To take off with Rusty on a week long trip grew in mind to become an event worth anticipating. My wife said that as my summer had been interrupted by her gall bladder I deserved a week off in the mountains while she was working. I squeezed in a week before winter descended on western North Carolina. There was some mention of a motorcycle trip but to me a week of wooded hikes with Rusty sounded just the job.
First though we had to make the 16 hour drive to the Asheville area where my sister-in-law lives in a cabin in the woods. We decided to split the trip in Columbia, the capital of South Carolina, eleven hours away. The idea was to have a short trip the next day to leave time for exploration on the way to Celo, the small community east of Asheville which was my destination.
We stopped here and there for short walks but mostly it was a matter of driving and to leave the Keys and reach anywhere that isn't flat involves a full hardcore day of driving. I don't mind the drive with satellite radio and a comfortable car. Rusty settled in to his bench seat in the back which is filled in behind the driver's seat to make an "L" shaped bed.
Eventually it got dark around 7:30 and we arrived in Columbia around 9:30. La Quinta was full so we had reserved a Red Roof Inn, another dog-friendly chain. Check-in was a reminder of my work:
A cop was taking statements from a family complaining they been harassed and someone had stolen an expensive knife from their room. I was past caring. The room was $59 all included, the TV didn't work which was fine by me and the sheets were clean (I think). Rusty was ready to pass out and so was I. He woke me with a cold snout to the face at 4:45 and over all my protests demanded a walk. The parking lot was silent as you might imagine but I found evidence of what might have been the stolen knife being put to use:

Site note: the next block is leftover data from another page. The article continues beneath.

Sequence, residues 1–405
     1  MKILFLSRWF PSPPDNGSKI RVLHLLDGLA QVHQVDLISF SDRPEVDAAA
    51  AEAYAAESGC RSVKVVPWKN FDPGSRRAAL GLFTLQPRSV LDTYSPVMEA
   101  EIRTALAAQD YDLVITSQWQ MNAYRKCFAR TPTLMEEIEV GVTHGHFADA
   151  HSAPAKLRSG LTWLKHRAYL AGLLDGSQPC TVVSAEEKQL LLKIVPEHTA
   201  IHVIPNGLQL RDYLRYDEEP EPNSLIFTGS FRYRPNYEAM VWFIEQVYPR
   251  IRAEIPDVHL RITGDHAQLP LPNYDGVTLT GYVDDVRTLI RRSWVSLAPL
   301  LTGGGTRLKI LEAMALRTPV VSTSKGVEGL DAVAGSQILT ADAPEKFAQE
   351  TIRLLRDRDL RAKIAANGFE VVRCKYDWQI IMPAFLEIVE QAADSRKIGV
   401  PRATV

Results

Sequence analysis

Not my blood, not Rusty's so all was well. We left the accursed motel at six and went foraging for breakfast in rural South Carolina early on a Sunday morning. I ended up eating the sandwich my wife had packed while Rusty ate a chicken strip on the road. My plan was to explore a patch of green I had seen on Google Maps and stick looked likely on street view. It worked out.
I parked in a small lot off a dirt road I had spotted on the map. Then a Honda Element pulled in and I asked the driver if it was safe to walk or were they shooting turkey today. Not on Sunday he said and offered to show me the way to Lake Wattacoo (I think).
Pam had retired from 28 years as a school agronomist so she knew all the trees and their stories. Tom kept a close eye on their two rescued Plott hounds. We walked and talked and they told me of their latest rafting trip down the Grand Canyon. They live forty minutes away but they know these trails very well. We saw waterfalls a lake and visible signs of beaver, the first I've ever seen:
It was an extraordinary window into little know local sights near Cleveland, South Carolina.
Insect eating plants:
Much gratitude and before we split they showed me a modern take on the Sugarloaf Key bat tower:
We stopped again and again and Rusty was totally absorbed by the smells and sounds of these woods.
Federal Highway 276 to Brevard, North Carolina:
And then we took a dirt short cut for fun:
It was time to make tracks to the Blue a Ridge Parkway to avoid traffic around Asheville and Burnsville. Unfortunately it was Subday night and weekend drivers were out in force and barely able to drive 30 miles an hour such was the draw of the colored leaves...we even found ourselves unable to keep up with a cyclist. The Italian driver within me was appalled:
I broke free.
Twin Tunnels means I'm close to the Highway 80 edit to Celo:
And so north off the parkway, still lovely still twisty:
And so to our base for the next three days where my sister-in-law and her husband have lived for forty years:
Bob and Geeta conversing after a pasta dinner over pisco and rum.
And so to bed.